In this post, I’ve described specific AWS, Pacemaker, and Microsoft SQL Server on Linux requirements for building a Microsoft SQL Server on Linux AG solution. Other components are required, which can be found in the resources in the previous section. The following code example comes from a solution I built and shows the necessary configuration steps to create and configure Pacemaker for a Microsoft SQL Server on Linux AG solution.

echo '--- Pacemaker Cluster Configuration Starting.' echo '--- Authorising Configuring Pacemaker Cluster Nodes' sudo pcs cluster auth <NODE_01> <NODE_02> <NODE_03> -u hacluster -p <PMC_CLUSTER_PASSWORD> echo '--- Creating PCS Cluster' sudo pcs cluster setup --name <PMC_CLUSTER_NAME> <NODE_01> <NODE_02> <NODE_03> \
-u hacluster -p <PMC_CLUSTER_PASSWORD> --force echo '--- Enable and Starting PCS Cluster.' sudo pcs cluster start --all --wait echo '--- Configuring Stonith Fencing.' sudo pcs stonith create clusterfence fence_aws region=<REGION> \ pcmk_host_map="<NODE_01>:<NODEID_01 >;<NODE_02>:<NODEID_02>;<NODE_03>:<NODEID_03>" \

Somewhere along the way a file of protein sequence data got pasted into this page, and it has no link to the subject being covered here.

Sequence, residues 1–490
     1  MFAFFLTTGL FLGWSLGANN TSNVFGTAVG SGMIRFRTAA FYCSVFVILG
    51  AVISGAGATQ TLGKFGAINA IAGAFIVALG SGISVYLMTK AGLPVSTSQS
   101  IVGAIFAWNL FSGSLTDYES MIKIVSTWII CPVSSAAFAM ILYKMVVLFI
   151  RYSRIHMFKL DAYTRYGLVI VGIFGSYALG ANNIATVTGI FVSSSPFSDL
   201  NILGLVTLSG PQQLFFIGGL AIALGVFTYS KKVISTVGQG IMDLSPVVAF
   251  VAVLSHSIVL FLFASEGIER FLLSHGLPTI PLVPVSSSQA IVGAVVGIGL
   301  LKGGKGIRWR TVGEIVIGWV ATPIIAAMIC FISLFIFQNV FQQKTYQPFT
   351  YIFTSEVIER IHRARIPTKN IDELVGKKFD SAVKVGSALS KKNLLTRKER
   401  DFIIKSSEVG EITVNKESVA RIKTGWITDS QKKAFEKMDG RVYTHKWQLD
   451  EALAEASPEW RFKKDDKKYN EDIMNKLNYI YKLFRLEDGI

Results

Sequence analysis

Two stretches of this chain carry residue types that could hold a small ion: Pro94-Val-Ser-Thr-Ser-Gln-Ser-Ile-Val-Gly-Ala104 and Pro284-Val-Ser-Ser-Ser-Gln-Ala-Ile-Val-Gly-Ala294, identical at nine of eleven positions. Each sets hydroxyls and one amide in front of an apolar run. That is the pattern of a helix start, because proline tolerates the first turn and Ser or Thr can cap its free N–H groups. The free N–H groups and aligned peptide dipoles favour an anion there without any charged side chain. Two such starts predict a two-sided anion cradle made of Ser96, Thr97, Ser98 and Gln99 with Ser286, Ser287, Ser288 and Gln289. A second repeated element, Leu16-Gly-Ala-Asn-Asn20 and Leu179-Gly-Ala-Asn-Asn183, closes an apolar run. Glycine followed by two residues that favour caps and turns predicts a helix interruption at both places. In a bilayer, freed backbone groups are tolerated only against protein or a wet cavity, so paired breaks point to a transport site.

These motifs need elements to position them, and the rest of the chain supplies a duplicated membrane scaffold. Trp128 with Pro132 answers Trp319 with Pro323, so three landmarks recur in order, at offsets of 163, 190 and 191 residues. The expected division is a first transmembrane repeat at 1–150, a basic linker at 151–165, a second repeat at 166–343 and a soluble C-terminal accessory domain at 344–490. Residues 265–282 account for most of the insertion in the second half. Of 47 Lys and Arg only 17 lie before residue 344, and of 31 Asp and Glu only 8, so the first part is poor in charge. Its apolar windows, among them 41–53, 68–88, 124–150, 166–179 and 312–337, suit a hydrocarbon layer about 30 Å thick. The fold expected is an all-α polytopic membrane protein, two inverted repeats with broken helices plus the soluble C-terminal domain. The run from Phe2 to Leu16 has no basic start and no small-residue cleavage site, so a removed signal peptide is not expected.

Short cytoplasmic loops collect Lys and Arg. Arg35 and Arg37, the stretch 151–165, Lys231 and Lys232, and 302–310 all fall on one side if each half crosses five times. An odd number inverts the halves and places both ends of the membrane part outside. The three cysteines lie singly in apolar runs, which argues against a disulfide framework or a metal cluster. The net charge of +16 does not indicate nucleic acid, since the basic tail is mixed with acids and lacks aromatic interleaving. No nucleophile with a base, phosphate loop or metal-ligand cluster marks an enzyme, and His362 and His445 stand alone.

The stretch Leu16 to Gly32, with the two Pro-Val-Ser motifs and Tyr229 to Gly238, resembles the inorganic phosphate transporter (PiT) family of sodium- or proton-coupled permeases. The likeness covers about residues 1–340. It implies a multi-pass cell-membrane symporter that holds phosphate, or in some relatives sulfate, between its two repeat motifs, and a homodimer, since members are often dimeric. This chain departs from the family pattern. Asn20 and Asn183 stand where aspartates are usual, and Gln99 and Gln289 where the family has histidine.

power_timeout=240 pcmk_reboot_timeout=480 pcmk_reboot_retries=4 --force echo '--- Creating Cluster Resource Agent (AWS-VPC-MOVE-IP)' sudo pcs resource create <MSSQL_LISTENER_NAME>ocf:heartbeat:aws-vpc-move- \
ip ip=<MSSQL_LISTENER_IPADDR> interface=<NETWORK_INTERFACE_NAME> \